It thus appears that the first mortgage bondholders are called upon to postpone recovery of their principal for twelve years and their past due interest forever. And during the period prior to the maturity of the new bonds, they are to receive interest at a much reduced rate. What are they to get in return for the rights relinquished? Certainly nothing very tangible. The only suggestion of advantage is that the apartment will be well managed; but no assurance appears in the plan that its present manager will continue in event the plan is adopted, nor does it appear that he will not act if the present status is maintained. Assuming his loss, no known shortage of competent apartment house managers is generally recognized. As against this alleged advantage provided by the plan is a much more apparent detriment. Few buildings become practically obsolete so quickly as apartment houses. Let a new one be built, and the occupants of the old flock to it. The present building, well maintained as it has been, is by no means new and will require increasing expenditures in repair during the next twelve years. This being so, grave doubts exist as to the feasibility of the plan; but the controlling reason of the court for denial of approval of the plan is the opinion that it is not fair and equitable to the minority bondholders, who, against their will, are compelled to accept a more unfavorable position than they have at present. What they give to junior creditors and stockholders is more or less nebulous and visionary perhaps, but whatever it be, it is something they are not entitled to have at the expense of unwilling senior creditors.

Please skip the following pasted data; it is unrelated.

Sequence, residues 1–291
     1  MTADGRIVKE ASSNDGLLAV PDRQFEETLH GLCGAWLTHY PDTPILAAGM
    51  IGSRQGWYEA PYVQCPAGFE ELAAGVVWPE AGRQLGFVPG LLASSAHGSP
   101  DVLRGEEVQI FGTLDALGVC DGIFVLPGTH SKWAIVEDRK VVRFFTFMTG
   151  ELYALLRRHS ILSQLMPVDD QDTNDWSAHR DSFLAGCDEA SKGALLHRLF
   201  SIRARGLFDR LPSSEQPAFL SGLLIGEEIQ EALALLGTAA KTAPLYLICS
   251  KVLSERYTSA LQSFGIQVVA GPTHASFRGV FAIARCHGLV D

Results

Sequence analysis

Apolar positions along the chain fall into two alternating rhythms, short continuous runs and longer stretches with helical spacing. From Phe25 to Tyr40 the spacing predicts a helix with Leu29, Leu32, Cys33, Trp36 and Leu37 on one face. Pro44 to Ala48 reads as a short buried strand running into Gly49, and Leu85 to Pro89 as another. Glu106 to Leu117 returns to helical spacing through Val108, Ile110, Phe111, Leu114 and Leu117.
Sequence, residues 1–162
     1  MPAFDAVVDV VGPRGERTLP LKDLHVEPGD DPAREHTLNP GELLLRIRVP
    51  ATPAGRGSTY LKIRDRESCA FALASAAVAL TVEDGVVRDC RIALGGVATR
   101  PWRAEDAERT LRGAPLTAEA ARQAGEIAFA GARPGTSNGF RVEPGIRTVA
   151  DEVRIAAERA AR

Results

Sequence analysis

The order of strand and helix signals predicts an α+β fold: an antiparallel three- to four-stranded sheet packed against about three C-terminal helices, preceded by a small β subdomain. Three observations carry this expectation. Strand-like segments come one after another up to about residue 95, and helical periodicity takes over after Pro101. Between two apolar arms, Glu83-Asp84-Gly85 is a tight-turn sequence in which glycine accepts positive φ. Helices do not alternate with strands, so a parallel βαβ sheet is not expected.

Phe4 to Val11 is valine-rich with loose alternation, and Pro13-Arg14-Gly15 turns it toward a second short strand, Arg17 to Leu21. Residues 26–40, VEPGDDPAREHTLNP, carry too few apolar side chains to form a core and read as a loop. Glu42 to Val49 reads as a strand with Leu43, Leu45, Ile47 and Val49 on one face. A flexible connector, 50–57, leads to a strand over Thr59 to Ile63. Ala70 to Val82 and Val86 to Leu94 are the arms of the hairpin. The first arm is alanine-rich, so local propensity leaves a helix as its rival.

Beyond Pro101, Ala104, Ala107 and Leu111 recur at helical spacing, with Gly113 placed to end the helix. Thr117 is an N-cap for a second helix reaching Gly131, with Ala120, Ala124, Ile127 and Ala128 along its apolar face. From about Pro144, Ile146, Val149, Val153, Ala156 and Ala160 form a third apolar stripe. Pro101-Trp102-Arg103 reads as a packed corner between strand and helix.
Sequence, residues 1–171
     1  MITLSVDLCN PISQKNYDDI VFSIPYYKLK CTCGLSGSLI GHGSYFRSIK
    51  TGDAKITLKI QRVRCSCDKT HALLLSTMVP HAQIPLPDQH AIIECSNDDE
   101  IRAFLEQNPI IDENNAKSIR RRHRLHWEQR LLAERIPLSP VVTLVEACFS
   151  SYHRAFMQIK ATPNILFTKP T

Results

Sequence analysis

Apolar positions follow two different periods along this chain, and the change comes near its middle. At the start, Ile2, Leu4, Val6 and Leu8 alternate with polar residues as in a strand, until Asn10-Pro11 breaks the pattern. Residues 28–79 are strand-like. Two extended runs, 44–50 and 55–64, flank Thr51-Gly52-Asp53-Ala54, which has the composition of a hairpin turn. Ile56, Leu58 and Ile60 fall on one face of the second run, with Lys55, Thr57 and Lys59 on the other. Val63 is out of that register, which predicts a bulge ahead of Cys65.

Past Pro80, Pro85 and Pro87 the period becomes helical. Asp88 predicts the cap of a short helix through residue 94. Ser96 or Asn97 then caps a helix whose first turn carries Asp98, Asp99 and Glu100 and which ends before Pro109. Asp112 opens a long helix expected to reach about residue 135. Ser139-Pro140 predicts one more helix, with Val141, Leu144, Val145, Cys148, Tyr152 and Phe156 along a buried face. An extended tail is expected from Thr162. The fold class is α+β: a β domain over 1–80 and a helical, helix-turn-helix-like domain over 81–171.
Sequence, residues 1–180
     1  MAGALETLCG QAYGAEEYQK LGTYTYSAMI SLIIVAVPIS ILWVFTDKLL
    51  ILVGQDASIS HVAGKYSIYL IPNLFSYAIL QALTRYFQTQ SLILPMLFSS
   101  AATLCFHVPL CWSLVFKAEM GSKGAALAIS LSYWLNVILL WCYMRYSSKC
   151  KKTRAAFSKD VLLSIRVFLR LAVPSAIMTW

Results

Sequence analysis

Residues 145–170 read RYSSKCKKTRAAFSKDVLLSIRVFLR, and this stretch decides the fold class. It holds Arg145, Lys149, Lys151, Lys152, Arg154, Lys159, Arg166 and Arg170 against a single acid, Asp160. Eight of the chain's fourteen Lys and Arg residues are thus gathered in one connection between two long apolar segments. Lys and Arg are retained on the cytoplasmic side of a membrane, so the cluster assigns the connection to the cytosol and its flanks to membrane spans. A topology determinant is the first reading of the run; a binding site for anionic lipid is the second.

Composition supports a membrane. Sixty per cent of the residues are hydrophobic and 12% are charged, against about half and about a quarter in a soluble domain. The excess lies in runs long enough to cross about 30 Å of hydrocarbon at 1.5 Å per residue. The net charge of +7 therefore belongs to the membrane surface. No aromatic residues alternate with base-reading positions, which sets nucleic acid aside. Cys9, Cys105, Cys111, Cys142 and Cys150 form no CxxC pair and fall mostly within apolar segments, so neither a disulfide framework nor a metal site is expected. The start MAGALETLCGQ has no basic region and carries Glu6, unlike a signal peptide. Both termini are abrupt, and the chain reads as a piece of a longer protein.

Certain of the interveners in the instant matter have urged liquidation, and during the pendency of the proceedings, have offered to bind themselves to bid a minimum of $150,000 for the property upon sale. This would allow the bondholders about 80% of the face of their claims. This offer, when submitted to bondholders by the Committee, received responses from the holders of bonds in amount of $158,500, of which holders of $85,900 bonds favored the sale, and holders of $72,600 opposed it.As the proposed purchasers' bonds, amounting to $55,500, were voted for the sale, the Committee disregarded them and rejected the offer. We do not mean to suggest that this proposition be accepted in event of renewal of the offer, but mention it simply as a reason why the court does not at this time order liquidation. It furnishes ground for hope that some plan may be offered which will be satisfactory to all parties in real interest. The court therefore will extend the period for filing plans of reorganization to October 1, 1937. If no plan be submitted before or on that date, such action will be taken as seems proper.